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New School University
Commencement Address

Stephen Breyer
Associate Justice
Supreme Court of the United States

Madison Square Garden
May 20, 2005
New York, New York

Thank you, President Kerrey. I am pleased to be here at the New School. The University's distinction is legendary. Since the early part of the Twentieth Century the School's name has been synonymous with excellence in humanities, public policy, and the liberal arts. In the 1930s, its University in Exile provided refuge for those fleeing from oppression abroad. My own Supreme Court predecessor, Felix Frankfurter, lectured here. After today, when I look at his chair in my office, I shall think that I too have had the opportunity to speak before New School faculty and students, as he did many years ago; and I shall recall how proud I am to receive a New School honorary degree.

The point of a commencement speech is to congratulate you, your parents, and all those who have supported you. And I do so. They, we, all of us, are proud of your accomplishment. A graduation speaker also should tell a joke, give advice, make a prediction, express a hope - but be brief in doing so. I learned of an exam paper (perhaps mythical) that explained the last point. "Professor Breyer," it says, "if I had only fifty minutes to live, I should like to spend them in your class." Flattering until you look at the other side: "That," it says, "is because only you can make fifty minutes seem an eternity."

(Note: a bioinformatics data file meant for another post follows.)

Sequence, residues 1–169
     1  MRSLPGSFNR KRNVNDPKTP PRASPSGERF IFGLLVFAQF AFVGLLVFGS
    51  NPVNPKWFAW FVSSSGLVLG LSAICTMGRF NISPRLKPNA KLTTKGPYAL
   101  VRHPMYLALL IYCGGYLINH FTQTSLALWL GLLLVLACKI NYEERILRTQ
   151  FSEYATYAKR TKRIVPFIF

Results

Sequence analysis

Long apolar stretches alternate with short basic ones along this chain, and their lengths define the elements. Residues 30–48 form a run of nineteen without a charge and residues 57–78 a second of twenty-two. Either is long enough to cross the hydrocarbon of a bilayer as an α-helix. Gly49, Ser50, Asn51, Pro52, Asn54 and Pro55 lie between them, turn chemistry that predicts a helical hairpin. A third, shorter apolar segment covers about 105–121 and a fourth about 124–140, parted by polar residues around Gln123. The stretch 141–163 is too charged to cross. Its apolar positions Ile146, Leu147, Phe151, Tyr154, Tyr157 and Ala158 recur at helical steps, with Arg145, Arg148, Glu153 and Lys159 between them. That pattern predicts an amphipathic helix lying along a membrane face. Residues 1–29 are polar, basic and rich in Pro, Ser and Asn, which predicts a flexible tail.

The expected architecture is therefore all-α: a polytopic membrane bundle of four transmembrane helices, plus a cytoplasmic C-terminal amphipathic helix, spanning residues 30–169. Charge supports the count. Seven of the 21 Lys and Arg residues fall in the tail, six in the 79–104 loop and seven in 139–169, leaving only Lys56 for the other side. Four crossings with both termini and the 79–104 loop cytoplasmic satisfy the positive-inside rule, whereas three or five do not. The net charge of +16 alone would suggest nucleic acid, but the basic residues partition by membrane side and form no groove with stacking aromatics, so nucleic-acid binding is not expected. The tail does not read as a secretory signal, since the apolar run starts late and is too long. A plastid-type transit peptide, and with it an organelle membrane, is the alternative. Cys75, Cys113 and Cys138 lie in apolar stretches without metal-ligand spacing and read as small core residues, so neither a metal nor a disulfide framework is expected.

Let me now turn to the advice, the prediction, and the hope. The best advice I received when I was your age was from a former law school dean, Bayless Manning. And I shall repeat it. Bayless understood that I, like you, was anxiously wondering: What comes next? He pointed out that, when we make an important personal decision, we rarely know more than ten percent of all we would like to know. We know that our decision will open certain doors, but we often cannot know which ones it will close. We agonize over the decision, but sometimes agonizing does not help. Sometimes we must simply choose. Once we reach a decision, our lives then shape themselves around the choices that we make. Those choices then write a story - and that is a metaphor I have found useful. Every person's life is a story of passion, with its moments of joy and happiness, of tragedy and sorrow. And each person's story is different, each from the other.

The external circumstances, the material circumstances, of that story are often beyond our control. But such circumstances often matter less than we think. We all know many people who complain, even when their glass is overflowing. My wife, who works with children at the Dana Farber Cancer Institute, could tell you of many families who bring joy to themselves and others through their ability to see half full a glass that many might find nearly empty.